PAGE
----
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Canada government stalling Afghan detainee torture case: Amnesty

[JURIST] The Canadian government is trying to derail a lawsuit over whether the Canadian Army [official website] in Afghanistan is transferring custody of detainees to Afghan forces to face torture by bogging it down with a flurry of technical arguments, Amnesty International Canada [advocacy website] said Thursday. Amnesty and the British Columbia Civil Liberties Association [advocacy website] brought complaints against the Canadian Forces Provost Marshal (CFPM) [official website] in Federal Court [official website] in February, alleging complicity in torture by Canadian personnel serving in Afghanistan as part of the NATO International Security Assistance Force (ISAF). Amnesty alleges that Canada is violating its Charter of Rights and Freedoms [text] by denying Afghan detainees access to legal counsel and protection against cruel and unusual punishment. Canadian government lawyers have asked the court to dismiss the case before it reaches the constitutional issues, arguing that the Charter does not apply to Canadian forces in Afghanistan because the army is not an occupying power in Afghanistan.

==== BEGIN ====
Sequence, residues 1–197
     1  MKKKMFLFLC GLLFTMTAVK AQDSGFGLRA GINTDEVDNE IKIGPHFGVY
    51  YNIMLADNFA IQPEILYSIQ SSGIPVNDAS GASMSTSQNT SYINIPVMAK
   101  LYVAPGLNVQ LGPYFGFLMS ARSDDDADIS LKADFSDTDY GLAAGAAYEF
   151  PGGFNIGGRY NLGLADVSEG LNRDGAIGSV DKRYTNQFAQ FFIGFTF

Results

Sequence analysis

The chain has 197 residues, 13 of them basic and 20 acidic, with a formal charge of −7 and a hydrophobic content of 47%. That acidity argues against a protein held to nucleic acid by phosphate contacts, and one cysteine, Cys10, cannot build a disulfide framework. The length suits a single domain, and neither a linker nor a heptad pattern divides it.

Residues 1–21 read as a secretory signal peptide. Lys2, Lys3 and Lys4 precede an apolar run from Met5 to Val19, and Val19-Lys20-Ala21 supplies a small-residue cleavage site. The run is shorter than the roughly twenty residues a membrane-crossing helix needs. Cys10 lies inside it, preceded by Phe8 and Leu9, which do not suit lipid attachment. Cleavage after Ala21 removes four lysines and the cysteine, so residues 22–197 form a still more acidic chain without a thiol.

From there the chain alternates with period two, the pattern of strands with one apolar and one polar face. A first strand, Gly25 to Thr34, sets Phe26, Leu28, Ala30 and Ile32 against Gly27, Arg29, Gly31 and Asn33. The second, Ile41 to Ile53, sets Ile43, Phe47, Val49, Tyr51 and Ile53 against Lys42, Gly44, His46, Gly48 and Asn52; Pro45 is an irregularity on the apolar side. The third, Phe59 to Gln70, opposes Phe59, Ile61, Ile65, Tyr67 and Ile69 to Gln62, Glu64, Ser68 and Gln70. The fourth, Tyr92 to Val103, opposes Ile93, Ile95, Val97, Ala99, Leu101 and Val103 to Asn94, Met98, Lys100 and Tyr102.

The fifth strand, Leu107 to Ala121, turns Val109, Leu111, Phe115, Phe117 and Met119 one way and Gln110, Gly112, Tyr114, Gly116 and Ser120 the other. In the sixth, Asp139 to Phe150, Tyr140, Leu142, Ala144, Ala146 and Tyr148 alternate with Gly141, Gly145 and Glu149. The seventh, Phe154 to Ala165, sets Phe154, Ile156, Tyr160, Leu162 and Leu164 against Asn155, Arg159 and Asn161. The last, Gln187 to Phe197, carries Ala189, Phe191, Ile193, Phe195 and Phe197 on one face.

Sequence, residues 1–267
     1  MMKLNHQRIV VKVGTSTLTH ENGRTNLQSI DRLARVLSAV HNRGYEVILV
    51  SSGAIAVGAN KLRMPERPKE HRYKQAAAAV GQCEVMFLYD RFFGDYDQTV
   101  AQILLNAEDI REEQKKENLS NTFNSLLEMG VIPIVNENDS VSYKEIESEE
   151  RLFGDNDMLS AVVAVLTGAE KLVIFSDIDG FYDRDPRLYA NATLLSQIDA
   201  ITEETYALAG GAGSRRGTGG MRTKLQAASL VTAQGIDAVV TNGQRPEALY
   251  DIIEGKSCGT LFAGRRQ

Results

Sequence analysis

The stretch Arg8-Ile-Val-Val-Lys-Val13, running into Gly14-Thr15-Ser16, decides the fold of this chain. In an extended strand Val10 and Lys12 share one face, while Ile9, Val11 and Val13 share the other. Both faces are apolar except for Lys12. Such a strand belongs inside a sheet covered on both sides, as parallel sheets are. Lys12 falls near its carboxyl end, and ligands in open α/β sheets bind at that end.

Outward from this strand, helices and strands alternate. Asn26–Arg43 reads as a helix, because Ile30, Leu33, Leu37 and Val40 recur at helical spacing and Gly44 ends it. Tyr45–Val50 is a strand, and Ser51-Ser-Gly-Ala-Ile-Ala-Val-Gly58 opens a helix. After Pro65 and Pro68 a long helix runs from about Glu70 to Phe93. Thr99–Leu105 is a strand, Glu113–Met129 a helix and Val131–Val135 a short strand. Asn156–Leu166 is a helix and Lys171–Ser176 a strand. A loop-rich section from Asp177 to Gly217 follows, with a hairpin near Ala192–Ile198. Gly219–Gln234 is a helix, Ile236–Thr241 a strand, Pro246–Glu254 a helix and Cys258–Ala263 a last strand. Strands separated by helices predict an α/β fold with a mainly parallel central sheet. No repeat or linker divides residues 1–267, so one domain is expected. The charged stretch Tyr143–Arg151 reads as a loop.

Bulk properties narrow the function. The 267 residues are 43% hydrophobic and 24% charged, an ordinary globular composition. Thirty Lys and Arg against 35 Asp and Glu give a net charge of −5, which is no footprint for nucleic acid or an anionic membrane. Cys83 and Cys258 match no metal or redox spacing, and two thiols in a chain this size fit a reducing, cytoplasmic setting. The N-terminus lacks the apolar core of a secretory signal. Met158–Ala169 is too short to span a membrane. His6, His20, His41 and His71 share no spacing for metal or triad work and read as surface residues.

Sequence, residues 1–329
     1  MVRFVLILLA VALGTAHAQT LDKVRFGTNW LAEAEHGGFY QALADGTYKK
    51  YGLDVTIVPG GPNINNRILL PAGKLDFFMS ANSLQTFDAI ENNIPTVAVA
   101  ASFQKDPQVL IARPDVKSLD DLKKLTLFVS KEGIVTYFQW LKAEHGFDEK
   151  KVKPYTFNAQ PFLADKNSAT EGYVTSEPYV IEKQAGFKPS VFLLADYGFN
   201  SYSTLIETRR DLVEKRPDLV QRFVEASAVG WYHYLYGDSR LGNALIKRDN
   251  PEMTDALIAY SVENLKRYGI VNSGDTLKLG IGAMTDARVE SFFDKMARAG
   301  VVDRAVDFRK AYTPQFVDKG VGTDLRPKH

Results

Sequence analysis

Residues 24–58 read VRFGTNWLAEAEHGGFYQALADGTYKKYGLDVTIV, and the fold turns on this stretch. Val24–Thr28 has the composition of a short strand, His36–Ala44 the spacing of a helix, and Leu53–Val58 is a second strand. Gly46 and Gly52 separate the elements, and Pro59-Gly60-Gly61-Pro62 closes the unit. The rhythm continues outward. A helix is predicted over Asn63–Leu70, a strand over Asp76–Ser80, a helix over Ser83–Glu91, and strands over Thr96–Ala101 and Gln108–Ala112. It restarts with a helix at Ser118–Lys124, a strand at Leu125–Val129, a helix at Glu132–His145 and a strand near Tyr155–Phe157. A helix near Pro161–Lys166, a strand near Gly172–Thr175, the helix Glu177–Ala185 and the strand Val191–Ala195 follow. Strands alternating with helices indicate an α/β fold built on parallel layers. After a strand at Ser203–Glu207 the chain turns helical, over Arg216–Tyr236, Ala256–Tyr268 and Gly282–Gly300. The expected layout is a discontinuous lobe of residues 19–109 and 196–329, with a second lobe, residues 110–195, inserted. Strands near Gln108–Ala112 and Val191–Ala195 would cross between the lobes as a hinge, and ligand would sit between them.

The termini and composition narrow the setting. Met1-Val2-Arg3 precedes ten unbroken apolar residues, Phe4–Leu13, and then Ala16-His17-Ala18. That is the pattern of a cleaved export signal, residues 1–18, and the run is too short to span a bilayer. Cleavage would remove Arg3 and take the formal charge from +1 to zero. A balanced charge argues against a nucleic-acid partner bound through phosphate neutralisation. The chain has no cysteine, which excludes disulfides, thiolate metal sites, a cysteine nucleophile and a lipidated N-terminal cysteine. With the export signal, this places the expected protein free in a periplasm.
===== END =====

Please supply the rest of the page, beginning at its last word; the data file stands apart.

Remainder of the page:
Last month, the Canadian Army said that independent investigators have found no evidence [JURIST report] to support allegations [JURIST report] that the Army "may have aided or abetted the torture of detainees" by transferring them from Canadian to Afghan custody. The transfer scandal erupted in April when the Toronto Globe and Mail reported [text] that more than 30 terrorism suspects had been tortured by Afghan investigators after being transferred from Canadian custody. Following public outcry, Canada signed a new agreement regarding detainee transfers [JURIST report] with the Afghan government, giving Canada the right to inspect detainees following their transfer. A separate investigation regarding detainee abuse while in Canadian custody is ongoing [JURIST report]. The Canadian Press has more.

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Paper Chase is JURIST's real-time legal news service, powered by a team of 30 law student reporters and editors led by law professor Bernard Hibbitts at the University of Pittsburgh School of Law. As an educational service, Paper Chase is dedicated to presenting important legal news and materials rapidly, objectively and intelligibly in an accessible format.

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